I'm pretty jacked. Usually the word is used by a jock wearing a SnapBack, or a lacrosse player, or the type of person who yells loudly at a bar when their team scores a winning goal. I used to be up with the lingo, but I've since fallen away from a dedicated following of sports, and am now the one that yells, "YEAH, SPORTS" when others cheer. Now back to my original point. Jacked. A term of prolific excitement. I'm jacked to go back to Amsterdam.
Some of my most fond memories, as well as nightmares began there. Spending the day on an elaborate date with a breathtaking girl from Milan, as we traversed the canals and kissed on a ferry: Fond Memory. Having nearly $5000 of camera equipment stolen, as well as purchasing my first and only pack of cigarettes (I still have it, and one remains.): nightmare. So many emotions are wrapped up in one city, so many friends I had to leave that felt as if I had known them for years. These are the joys of traveling alone. You are forced to create new experiences, and you're drawn so far out of your comfort zone that it terrifies even the most extroverted of travelers.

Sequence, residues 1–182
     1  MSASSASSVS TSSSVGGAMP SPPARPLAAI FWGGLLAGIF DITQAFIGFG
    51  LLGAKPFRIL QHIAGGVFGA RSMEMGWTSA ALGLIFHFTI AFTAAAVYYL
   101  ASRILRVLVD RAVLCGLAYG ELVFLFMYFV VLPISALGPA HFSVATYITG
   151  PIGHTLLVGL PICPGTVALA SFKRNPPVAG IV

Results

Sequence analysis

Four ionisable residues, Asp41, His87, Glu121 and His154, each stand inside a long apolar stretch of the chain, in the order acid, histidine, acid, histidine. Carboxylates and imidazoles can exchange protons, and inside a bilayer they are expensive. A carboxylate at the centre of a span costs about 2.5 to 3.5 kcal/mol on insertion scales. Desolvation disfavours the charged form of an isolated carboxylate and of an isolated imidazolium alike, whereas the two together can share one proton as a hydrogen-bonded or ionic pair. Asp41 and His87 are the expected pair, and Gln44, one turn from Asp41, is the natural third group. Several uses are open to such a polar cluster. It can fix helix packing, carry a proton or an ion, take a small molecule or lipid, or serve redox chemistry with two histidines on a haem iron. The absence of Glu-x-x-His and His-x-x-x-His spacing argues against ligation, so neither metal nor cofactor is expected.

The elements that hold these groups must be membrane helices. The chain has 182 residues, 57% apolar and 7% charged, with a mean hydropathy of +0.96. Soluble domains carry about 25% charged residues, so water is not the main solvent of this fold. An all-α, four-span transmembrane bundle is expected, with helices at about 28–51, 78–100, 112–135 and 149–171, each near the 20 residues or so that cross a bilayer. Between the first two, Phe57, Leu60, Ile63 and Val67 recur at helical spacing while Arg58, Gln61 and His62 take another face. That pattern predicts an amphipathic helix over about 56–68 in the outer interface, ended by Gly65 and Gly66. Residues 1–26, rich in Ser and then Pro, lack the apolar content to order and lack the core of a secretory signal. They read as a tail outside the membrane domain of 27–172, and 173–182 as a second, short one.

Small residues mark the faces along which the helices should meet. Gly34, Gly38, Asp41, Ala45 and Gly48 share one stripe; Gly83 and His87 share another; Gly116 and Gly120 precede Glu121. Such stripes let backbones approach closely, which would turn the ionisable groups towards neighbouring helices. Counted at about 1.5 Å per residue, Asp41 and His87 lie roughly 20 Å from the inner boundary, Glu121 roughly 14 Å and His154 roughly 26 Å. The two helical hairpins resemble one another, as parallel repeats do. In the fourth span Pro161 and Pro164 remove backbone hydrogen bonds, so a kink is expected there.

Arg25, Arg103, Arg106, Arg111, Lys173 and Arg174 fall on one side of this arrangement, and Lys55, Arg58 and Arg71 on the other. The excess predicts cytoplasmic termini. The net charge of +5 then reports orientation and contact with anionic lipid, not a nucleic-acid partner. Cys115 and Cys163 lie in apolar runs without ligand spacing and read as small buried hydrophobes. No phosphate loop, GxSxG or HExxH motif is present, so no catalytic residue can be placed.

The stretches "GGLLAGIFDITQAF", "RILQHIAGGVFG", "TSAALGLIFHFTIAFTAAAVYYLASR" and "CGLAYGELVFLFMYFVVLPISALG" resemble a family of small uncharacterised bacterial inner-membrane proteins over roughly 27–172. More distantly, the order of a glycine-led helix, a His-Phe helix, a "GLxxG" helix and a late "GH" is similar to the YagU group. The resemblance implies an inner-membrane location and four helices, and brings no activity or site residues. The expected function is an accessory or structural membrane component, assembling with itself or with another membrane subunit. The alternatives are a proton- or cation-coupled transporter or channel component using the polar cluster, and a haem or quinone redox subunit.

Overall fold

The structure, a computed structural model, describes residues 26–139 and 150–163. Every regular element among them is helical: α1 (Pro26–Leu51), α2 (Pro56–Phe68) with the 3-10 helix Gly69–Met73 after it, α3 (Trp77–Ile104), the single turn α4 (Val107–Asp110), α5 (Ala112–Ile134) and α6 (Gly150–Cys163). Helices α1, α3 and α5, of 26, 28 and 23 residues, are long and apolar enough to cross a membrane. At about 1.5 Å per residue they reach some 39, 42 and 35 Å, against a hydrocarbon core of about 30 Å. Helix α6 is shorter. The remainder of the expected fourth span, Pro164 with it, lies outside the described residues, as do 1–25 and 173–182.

Im on my flight to Minneapolis from Fargo. There's about 25 of us evenly spread throughout a 50 seater Delta CRJ-200. The flight attendant both poorly imitated a British accent, and occasionally sung the words to his air safety spiel. I like writing in the air. It's something about the combination of sleep deprevstion and looking out the window that brings better adjectives to mind.
I'll soon be boarding the A330 for what my Delta App says will be a 10hr20min flight. I'm stocked with a bottle of sleeping pills, a few granola bars, and some mandarin oranges...courtesy of the Delra IROP cart, with the exception of the pills. This is the third flight I've tried boarding today, and apparently it is a 'charm'. The other two filled up with passengers who actually pay for flights, so they certainly are prioritized. I woke up this morning whole-heartedly planning on going to Santiago, Chile. But not getting out of Fargo early meant not making it to MSP, and then Atlanta.